Chapter 13 bankruptcy is for reorganizing your debt without losing any of your property. A payment plan will be worked out to repay any past debt while continuing to pay your current bills. When you file Chapter 13 bankruptcy, the court will hold a confirmation hearing. The hearing is where the court decides to confirm or approve your proposed repayment plan. A judge will make the final decision on whether or not to accept the plan.
When your plan is confirmed your creditors must accept your payments to satisfy their claims, giving you a fresh financial start when the payment plan is over.
When you are making your plan you must:
- Show that you are using all of your disposable income that was calculated by bankruptcy rules.
- The length of the repayment plan must be three to five years depending on your case.
- You must pay your creditors in order of priority.
When is the Confirmation Hearing
The confirmation hearing must be held within 45 days after the 341, or creditors meeting. Depending on the court, most cases only attorneys attend the confirmation hearing. Creditors usually only attend if they have objections to your plan. If you are representing yourself, you will need to attend this meeting.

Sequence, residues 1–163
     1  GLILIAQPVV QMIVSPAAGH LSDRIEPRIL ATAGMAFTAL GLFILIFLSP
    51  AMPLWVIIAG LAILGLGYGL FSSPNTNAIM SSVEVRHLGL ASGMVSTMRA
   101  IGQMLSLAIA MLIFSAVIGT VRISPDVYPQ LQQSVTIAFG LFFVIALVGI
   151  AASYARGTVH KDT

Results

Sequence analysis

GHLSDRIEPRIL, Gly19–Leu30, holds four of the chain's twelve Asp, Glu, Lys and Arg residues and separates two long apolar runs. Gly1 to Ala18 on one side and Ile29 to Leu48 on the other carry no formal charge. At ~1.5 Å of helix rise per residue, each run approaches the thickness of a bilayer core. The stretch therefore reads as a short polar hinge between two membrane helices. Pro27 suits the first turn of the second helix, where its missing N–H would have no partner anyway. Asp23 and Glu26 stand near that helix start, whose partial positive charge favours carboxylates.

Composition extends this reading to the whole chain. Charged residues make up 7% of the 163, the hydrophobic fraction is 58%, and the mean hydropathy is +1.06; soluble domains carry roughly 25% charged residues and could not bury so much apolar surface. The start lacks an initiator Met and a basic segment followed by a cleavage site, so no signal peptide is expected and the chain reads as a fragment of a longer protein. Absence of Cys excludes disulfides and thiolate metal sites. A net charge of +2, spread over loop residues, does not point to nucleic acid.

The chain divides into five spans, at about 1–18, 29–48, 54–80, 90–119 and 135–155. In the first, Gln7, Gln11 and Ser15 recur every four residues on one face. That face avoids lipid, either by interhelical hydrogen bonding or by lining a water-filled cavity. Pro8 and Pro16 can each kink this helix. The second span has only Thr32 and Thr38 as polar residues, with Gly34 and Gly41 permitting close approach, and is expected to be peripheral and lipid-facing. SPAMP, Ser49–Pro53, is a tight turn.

If your plan is objected to either by the trustee or your creditors, the paperwork must be filed before the confirmation hearing to give you time to prepare. The written objection will list the reasons why the court should not approve of your plan. The debtor can then file a written explanation to the court as to why the plan should be accepted. If the parties cannot decide on a repayment plan, the case may go to a judge to decide.
If you have questions about repayment plans in bankruptcy, contact a Hildago County bankruptcy attorney to get the information you need.